My Son The Beloved Analysis
After this act of commitment and affirmation Jesus was driven by the Spirit into the wilderness to work out the implications of his revealed identity and how to live out that identity in accordance with God’s will.
Jesus deals with each of the temptations in turn and holds steadfastly to his commitment to do things God's way and not his own.
This week we see a similar pattern of events, this time involving the disciples of Jesus, especially Peter.
Peter has just made his memorable declaration that Jesus is the Messiah. His voice echoes the voice of God claiming Jesus as his Son, the Beloved.
Jesus now tries to teach the disciples what he understands the role of the Messiah to be: a painful understanding reached through hardship in …show more content…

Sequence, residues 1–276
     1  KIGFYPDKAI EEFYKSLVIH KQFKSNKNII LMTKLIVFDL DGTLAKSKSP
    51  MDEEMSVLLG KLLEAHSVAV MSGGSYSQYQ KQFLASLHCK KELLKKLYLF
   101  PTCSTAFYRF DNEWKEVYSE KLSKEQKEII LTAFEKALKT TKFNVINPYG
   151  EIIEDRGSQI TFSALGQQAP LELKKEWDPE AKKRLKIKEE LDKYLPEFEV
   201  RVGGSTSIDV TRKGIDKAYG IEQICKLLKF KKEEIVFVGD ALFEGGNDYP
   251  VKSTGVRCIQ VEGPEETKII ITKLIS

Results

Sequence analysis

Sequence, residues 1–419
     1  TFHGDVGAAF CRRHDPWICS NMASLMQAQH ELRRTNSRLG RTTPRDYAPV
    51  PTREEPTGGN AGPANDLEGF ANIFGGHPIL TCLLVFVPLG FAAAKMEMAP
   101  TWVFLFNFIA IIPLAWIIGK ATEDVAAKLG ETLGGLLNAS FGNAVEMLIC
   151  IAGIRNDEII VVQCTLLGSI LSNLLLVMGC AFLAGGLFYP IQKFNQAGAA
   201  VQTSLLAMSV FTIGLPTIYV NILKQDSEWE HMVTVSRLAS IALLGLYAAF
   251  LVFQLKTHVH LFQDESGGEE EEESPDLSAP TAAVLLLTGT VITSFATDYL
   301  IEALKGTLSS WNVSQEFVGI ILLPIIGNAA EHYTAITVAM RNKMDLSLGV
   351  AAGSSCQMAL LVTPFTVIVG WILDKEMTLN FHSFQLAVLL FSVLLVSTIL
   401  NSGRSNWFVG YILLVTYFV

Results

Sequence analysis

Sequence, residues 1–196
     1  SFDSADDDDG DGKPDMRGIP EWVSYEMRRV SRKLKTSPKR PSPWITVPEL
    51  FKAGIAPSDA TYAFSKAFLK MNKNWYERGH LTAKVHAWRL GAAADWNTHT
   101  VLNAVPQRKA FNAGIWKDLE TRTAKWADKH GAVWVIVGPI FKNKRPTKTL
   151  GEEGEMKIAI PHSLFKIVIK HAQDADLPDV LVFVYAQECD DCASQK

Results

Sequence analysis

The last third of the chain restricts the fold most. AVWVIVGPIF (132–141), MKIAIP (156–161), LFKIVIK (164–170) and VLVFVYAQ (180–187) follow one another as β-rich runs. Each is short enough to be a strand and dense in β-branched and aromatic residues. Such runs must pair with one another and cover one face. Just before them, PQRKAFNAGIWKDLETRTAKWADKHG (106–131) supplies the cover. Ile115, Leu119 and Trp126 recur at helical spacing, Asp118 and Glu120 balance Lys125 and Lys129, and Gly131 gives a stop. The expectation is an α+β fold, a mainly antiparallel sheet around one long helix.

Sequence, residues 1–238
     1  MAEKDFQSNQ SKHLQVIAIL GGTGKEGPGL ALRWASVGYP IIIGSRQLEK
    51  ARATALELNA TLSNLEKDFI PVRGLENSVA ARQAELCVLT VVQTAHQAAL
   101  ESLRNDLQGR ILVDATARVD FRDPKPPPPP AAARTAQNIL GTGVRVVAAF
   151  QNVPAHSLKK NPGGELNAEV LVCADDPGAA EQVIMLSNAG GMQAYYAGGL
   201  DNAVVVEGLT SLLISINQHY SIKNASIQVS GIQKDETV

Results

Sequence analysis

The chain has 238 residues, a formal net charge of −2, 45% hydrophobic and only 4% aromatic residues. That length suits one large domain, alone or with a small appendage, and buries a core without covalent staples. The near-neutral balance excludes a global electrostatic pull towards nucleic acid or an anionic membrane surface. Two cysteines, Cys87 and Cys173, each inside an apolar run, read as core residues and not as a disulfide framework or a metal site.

And I reckon we can accept nothing less.
Jesus says, "If any want to become my followers let them deny themselves, take up their cross and follow me:'
Especially in Lent we perhaps tend to think that "denying ourselves" is something to do with giving up things we enjoy, be it wine, chocolates, music, dancing or television.
Or we might even think of it as some kind of punishment for our sins. But perhaps there's a different way of understanding it.
We don't know what form "Satan'' took when Jesus was in the wilderness, but it clearly was something Jesus recognized as being in opposition to God.
In our Gospel reading it's the voice of Peter that tries to pull Jesus away from his intended path.
Now Jesus is saying to those around him, and to us, that if we're serious about following him we are going to have to resist our own inner voice which tries to distract us.
And that won't be easy.
Our own inner demons know only too well where our particular weaknesses lie and they may have nothing to do with chocolate, wine or